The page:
While prelude music is often spoken of, not much is shared about postlude music. Often it is included as an afterthought--since we have prelude, we've gotta have postlude, right? It's the bookend to the service.
In the Ensign, Jay E. Jensen wrote, "[P]ostlude music ... extend[s] the spirit of the meeting."
What a simple, profound statement. Postlude music is not exit music. It's not celebratory music that signifies the meeting is over and it's time to stretch our legs and visit.
Just because every one is leaving doesn't mean no one is listening.
Postlude music should reflect the spirit of the meeting. If the meeting was quiet and reverent, the postlude music should also be quiet and reverent. If the meeting was jubilant and full of praise, the postlude should also reflect jubilation and praise. It's a good idea to prepare two contrasting moods for postlude, then play the one that is most appropriate.
While prelude is a time when I, personally, prefer to play simple and reverent arrangements, during postlude I don't mind playing more complex hymn arrangements or even classical pieces. However, I always strive to listen to the Spirit--for without the Spirit, what is music?
In the New Era, Eric D. Snider shared a special experience he had with playing postlude music:
After the closing prayer, which built upon the Spirit we already felt, I played some quiet postlude music as people talked and began to filter out. I played “The Spirit of God” (Hymns, no. 2) very softly on the upper keys. It’s hard to explain, but sometimes just believing in the words of the song you’re playing, and having the Spirit with you, causes you to play so that the people listening feel what you’re feeling. You can actually express your emotions through the way you play the song. It doesn’t always happen (at least not to me), but it happened this time. I really felt what I was playing, and I really wanted to convey a message by the way I played it.
"As I played, I noticed that someone was behind me watching and listening. I finished the hymn and quickly glanced to see who it was. It was Elder Smith, someone I didn’t know very well. He was standing there, crying.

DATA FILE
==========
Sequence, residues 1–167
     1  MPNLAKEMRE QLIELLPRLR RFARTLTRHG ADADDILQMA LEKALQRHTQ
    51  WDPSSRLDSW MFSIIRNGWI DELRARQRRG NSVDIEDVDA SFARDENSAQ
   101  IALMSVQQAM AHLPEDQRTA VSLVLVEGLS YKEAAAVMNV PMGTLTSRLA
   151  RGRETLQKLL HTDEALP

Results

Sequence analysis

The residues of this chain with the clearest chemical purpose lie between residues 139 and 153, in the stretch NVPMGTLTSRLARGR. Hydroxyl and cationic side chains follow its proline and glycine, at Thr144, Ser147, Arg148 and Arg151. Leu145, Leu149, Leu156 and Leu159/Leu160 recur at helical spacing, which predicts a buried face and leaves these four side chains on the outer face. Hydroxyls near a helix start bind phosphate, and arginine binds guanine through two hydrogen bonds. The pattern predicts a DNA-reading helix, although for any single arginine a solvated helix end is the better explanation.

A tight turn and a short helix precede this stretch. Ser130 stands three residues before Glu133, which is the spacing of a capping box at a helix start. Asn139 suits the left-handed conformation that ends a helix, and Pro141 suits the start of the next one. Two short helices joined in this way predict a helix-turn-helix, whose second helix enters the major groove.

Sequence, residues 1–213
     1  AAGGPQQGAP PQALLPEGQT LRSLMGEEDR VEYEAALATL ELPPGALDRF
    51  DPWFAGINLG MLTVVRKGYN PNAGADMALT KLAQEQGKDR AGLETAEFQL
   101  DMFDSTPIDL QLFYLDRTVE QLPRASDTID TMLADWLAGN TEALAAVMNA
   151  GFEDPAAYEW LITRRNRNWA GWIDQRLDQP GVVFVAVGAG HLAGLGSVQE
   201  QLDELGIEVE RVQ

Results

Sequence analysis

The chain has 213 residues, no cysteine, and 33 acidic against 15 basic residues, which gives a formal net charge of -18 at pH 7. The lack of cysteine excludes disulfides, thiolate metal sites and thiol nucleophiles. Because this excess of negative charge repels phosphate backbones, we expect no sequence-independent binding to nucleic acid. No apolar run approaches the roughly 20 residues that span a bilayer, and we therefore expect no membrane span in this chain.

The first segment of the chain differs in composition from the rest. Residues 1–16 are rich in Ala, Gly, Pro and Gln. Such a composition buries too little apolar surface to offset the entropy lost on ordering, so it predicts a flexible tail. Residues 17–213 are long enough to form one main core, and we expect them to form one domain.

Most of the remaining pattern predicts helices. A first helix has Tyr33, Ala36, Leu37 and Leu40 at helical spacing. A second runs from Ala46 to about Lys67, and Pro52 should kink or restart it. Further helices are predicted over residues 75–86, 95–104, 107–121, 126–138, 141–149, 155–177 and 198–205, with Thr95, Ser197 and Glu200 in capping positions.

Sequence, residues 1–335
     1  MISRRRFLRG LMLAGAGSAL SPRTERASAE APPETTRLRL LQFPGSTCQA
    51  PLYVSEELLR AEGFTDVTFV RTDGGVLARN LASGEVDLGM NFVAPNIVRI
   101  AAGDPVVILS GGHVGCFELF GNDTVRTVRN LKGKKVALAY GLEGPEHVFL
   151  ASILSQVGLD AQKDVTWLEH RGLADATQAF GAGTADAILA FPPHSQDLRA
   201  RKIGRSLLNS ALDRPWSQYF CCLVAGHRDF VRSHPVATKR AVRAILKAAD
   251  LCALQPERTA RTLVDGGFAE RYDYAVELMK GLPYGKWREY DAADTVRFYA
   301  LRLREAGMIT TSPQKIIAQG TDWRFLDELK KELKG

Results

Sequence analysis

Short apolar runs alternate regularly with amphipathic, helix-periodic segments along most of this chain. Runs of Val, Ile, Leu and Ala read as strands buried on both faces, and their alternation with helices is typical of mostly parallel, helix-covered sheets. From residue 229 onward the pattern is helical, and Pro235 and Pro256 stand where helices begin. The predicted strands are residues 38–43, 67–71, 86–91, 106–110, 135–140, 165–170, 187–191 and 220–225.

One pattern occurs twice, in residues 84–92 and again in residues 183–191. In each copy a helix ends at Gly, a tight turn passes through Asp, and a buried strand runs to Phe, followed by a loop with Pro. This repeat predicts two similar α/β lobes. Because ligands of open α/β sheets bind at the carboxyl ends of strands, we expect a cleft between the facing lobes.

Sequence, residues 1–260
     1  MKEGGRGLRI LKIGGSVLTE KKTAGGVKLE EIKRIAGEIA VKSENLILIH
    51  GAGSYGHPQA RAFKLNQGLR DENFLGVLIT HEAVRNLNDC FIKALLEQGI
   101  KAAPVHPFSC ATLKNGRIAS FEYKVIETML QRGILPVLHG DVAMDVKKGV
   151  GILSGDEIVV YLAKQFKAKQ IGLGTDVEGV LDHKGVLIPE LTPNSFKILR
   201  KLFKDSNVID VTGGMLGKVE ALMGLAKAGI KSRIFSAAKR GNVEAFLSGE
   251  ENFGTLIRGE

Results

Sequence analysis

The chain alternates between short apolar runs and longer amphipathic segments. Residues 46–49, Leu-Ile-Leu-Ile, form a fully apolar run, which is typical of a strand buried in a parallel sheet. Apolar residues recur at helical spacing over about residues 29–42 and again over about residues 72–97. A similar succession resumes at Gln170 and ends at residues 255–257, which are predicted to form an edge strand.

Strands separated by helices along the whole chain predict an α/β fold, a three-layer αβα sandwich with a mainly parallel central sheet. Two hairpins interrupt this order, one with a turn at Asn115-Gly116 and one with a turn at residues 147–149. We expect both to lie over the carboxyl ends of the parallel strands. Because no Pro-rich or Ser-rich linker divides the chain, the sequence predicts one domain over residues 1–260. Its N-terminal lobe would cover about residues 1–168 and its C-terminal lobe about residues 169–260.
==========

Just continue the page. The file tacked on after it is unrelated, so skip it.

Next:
"He had already felt the Spirit during the meeting, like the rest of us, and now the music was helping to intensify it. So I kept playing.
"That’s when it struck me. For perhaps the first time, I was playing the piano, not for my own enjoyment and not to receive praise, but to help someone feel the Spirit. I actually, truly wanted to be an instrument in the Lord’s hands and serve him. In this case, the best way I could serve him was to help convey the Spirit to one of his children through music."
When to begin postlude
At the end of the closing prayer, the congregation audibly voices "Amen," which is followed by just a beat of silence before everyone starts to stand up, gather things together, or chat with a neighbor.
In my opinion, that beat of silence is extremely important in solidifying the mood of the meeting. Often times the organist is busy shuffling music and setting stops while the first members of the congregation head out of the chapel and other members begin chatting, causing this precious time to be lost. However, if the organist begins postlude during that one beat of silence, the congregation intuitively feels the Spirit of the music and members are guided to be more reverent and reflect on the music that is being played--in effect, the music allows them to reflect on the Spirit of the meeting they just attended. It is very important to seize this precious moment; waiting causes the congregation to move on to thoughts of the next meeting or to thoughts of home.
If you are not currently serving as organist, ask your ward music chair if you may play organ prelude and/or postlude for an upcoming meeting.
Continue using Hymns Made Easy, to prepare simple and reverent prelude pieces in the solo and accompaniment style. Try playing one verse with a chorus registration, playing the second verse with solo and accompaniment registration, then the third verse with a different solo and accompaniment registration.
Prepare 10-15 minutes of prelude for a Sacrament meeting with the topic of your choice, or the topic provided by your ward music chair if you are practicing to play for an actual meeting. Also prepare two 5 minute-segments of postlude music in contrasting moods, as discussed above.
Prelude and postlude music is often taken for granted in the Church. However, as an organist it is important to make sure that prelude and postlude music for your congregation is well-prepared and selected with the guidance of the Spirit--in this way lives can be touched through music.
Continue on to Lesson 13: Thumb Glissando and a New Hymn.